As regards publicity, you will find us mentioned by the Royal Society of Literature, the Society of Authors, in the Sunday Times On-line and in a veritable cornucopia of local media of various kinds.  There’s also a podcast coming out on 1st October.  Henry Hemming – Our Man in New York – had a double page spread in the Sunday Mail and Elizabeth Buchan – The Museum of Broken Promises – an excellent review in The Times.  Aida Edemariam and Ursula Buchan won the plaudits when their books, The Wife’s Tale and Beyond the Thirty-Nine Steps, respectively, were first published. That’s not forgetting our opener – Professor Kate Williams on the relationship between the Rival Queens, Elizabeth I and Mary Queen of Scots – and Frank Gardner OBE, BBC Security Correspondent to close the Festival.

Tickets can be had at Omnibus £16/£13 concessions or £10/£8.  A snip at the price.  Buy soon, the events are filling up fast!

For more on Clapham’s own Book Festival try       On The Day….           Books and Walking – A Literary Trail 

Introducing….and reading

As part of 2019’s amazing line-up of authors at the Clapham Book Festival  on 5th October, we introduce a new type of session this year, of an author introducing his or her new book and then reading from that book.

Local historian, biographer and travel writer, Henry Hemming takes the inaugural slot talking about, then reading from, his latest book Our Man in New York.

After the hugely successful M, a biography of Maxwell Knight, MI5’s greatest spymaster, Hemming has moved on to tell the story of the covert British operation to manipulate public opinion in the US, using, amongst other things,  fake news and spin, to prepare the way for America to enter World War II. Our Man in New York has been described by William Boyd as “A revelatory and wholly fascinating work of history. Superbly researched and written with gripping fluency, this lost secret of World War II espionage finally has its expert chronicler.”  

As Nicholas Shakespeare has said, it is Gripping and intoxicating, it unfolds like the best screenplay.’ There are rumours that Hollywood is interested. So come along and listen to its author read an extract at five o’clock on Saturday 5th October.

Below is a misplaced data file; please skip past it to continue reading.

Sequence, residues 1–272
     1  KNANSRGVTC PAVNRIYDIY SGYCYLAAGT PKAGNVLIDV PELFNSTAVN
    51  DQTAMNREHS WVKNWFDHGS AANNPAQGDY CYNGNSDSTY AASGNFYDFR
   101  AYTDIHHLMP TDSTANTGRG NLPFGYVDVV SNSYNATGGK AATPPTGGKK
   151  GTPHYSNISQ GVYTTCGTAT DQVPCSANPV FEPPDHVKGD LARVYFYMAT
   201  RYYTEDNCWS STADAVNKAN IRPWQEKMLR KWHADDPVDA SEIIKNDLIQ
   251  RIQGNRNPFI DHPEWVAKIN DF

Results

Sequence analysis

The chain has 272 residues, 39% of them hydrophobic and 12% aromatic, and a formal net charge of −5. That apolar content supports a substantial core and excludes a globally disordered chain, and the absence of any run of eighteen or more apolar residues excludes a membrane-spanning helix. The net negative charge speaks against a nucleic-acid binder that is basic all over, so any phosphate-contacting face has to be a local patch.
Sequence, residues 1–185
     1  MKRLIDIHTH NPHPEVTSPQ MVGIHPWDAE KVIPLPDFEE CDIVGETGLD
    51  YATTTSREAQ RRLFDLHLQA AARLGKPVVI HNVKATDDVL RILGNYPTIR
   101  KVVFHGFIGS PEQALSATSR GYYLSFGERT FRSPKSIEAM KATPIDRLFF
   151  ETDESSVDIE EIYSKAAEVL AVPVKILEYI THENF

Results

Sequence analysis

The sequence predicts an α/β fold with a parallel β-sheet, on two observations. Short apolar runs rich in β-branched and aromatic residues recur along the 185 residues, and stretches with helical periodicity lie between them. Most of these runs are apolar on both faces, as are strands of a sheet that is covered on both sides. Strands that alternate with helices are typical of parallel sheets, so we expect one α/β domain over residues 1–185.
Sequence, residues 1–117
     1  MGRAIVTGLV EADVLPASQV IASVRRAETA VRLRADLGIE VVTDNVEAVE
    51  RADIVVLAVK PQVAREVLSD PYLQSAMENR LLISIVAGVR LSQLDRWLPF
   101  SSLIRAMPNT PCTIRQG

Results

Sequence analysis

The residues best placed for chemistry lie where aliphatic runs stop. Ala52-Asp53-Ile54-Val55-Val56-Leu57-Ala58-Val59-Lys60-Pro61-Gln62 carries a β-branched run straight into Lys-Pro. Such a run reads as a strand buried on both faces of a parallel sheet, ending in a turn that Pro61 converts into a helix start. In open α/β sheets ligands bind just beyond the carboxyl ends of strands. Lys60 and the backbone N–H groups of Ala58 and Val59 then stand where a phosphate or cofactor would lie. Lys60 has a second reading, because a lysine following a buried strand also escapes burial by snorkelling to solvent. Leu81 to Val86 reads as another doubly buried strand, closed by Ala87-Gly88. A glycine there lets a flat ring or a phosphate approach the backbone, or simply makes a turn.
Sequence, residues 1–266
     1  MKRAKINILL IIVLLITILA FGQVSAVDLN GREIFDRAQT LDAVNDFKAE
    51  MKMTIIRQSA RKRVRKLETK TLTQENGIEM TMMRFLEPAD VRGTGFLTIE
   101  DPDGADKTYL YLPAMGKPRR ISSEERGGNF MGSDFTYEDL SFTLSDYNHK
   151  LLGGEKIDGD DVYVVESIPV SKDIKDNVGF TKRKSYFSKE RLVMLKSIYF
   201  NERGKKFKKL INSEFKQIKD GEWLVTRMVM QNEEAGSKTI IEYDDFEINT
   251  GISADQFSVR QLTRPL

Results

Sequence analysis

For more on this year’s Clapham Book Festival take a look at the Programme on the web-site. Or buy your tickets at Omnibus Theatre.

Summer Book Sale

It’s that time of year again and books are being discounted to promote sales and capture the Summer holiday trade.

LastSaturday my local church had its annual fete, smaller this year, as the event has grown in recent years ( see Books for Sale in the Sunshine ), but the Clapham Book Festival had representatives there, including me, staffing the book stall, handing out our flyers. A must for the diaries of book lovers and those who like talking about books is Saturday 5th October, the Saturday of the 2019 Clapham Book Festival!  Check out this year’s Programme.  Tickets are on sale from 1st July.

But last Saturday we were selling books – £1 hardbacks, 50p paperbacks, everything must go!  Lots of people browsing and buying mentioned that they were looking for a good book for the beach, the country, the plane or the train and, in one instance, the fishing.  I guess reading a good book is ideal when sitting on a river bank waiting for the fish to bite.

On-line too, the Summer Sales begin. Over at Smashwords from 1st July until the end of that month you can find J.J.Anderson’s ‘e’ books at a major discount.  In the Al Andalus stories , Reconquista will be FREE to download until the 31st July. The next book in the series, The Silver Rings, will have 25% off RRP at $2.45  or less than £2.  The Village; A Year in Twelve Tales will be discounted by 50% to $1.99 or £1.50.  So, if you want to make a journey in the imagination on your holiday, why not travel to 13th century Al Andalus, or to a contemporary English village, you can do so for free or at a major discount on Smashwords as part of its summer sale!

In the meanwhile it’s time to submit my latest manuscript to the publishers. A real departure from the historical adventures written previously, Plague is a contemporary thriller set in Westminster, which draws upon my own experience working in Whitehall and the rich history of Westminster and Thorney Island.  On the basis that informed and independent criticism is worth its weight in gold, I have been fortunate enough to have the members of three different book clubs read the manuscript.  Any author will tell you that, however objective your friends try to be, they will, invariably, be less critical than people who don’t know the writer personally. Their comments have been insightful and very useful, helping me refine the novel before submitting it to the publishers.  Now I await the editor’s comments.

Plague is also the first in a series – I am about to begin writing Oracle, the second book featuring the same protagonist, while I wait.  I am enjoying researching the ancient temple complex at Delphi on Mount Parnassus, somewhere I actually visited during a 1999 conference at the modern conference centre just below Delphi town. What a place for a murder mystery story, I thought at the time. Now it’s going to be just that!

For now, if you haven’t already, why not make a visit to the exotic Al Andalus, with its Kings and Emirs, its warlords and treasure and all for less than a cup of coffee.

For more about Reconquista and The Silver Rings and writing them try             Seduced by History            The Godmother’s Tale              Warp and Weft